On November 6, Waller gave a public lecture during Holocaust Education Week in Toronto, co-sponsored by Facing History and Ourselves, Kulanu Toronto, and The Equity Studies Program at New College, University of Toronto. Entitled “Do No Harm? Nazi Doctors and the Persecution of Gay Men,” the lecture looked at the psychological, social, and cultural factors that influenced Nazi policy against homosexuality.
For more on how ordinary people, such as German doctors, can commit extraordinary acts of evil, see Waller’s book “Becoming Evil: How Ordinary People Commit Genocide and Mass Killing.”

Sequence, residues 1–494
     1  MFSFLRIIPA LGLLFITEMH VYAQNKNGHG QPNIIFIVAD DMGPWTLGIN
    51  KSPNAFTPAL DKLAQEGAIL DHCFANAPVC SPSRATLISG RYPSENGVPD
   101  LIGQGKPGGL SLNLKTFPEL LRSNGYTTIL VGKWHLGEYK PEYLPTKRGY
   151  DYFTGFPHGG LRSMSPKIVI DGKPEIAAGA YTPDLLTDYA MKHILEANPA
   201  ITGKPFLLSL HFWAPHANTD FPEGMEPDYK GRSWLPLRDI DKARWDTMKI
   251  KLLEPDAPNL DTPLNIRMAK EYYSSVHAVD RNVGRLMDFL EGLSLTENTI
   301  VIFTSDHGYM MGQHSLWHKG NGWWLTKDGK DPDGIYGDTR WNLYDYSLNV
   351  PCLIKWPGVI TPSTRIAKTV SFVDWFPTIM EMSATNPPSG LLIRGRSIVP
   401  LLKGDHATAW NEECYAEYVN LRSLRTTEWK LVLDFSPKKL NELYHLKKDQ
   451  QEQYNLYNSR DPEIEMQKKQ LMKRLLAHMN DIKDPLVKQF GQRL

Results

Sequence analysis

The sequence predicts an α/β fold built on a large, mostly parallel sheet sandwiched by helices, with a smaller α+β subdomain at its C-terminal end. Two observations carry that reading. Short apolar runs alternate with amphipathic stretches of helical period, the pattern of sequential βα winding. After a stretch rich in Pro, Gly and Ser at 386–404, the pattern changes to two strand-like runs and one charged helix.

I got published!! It’s been such a crazy adventure trying to get this piece out, but it finally happened in late July. And I just realized I never wrote a blog piece about it. So here we go!
Last Fall, I took a writing course at Ryerson University with the amazing Carla Lucchetta (check out her writing) where I wrote a pitch letter for this piece, as well as a first draft. Just before Christmas, I pitched a story on LGBTQ rights in Zambia to Daily Xtra, and just after the new year, they accepted it! But then there were delays with editing, then my editor left for another publication, etc, etc. But now I’m finally published!!
I’d visited Zambia the previous summer, and also travelled through Namibia, Botswana, and Zimbabwe. While in Zambia – a country, like many in sub-Saharan Africa, where homosexuality is illegal – I interviewed Juliet Mphande, the Executive Director of LGBTQ organization Friends of Rainka. These were my original opening two paragraphs, for the writing class: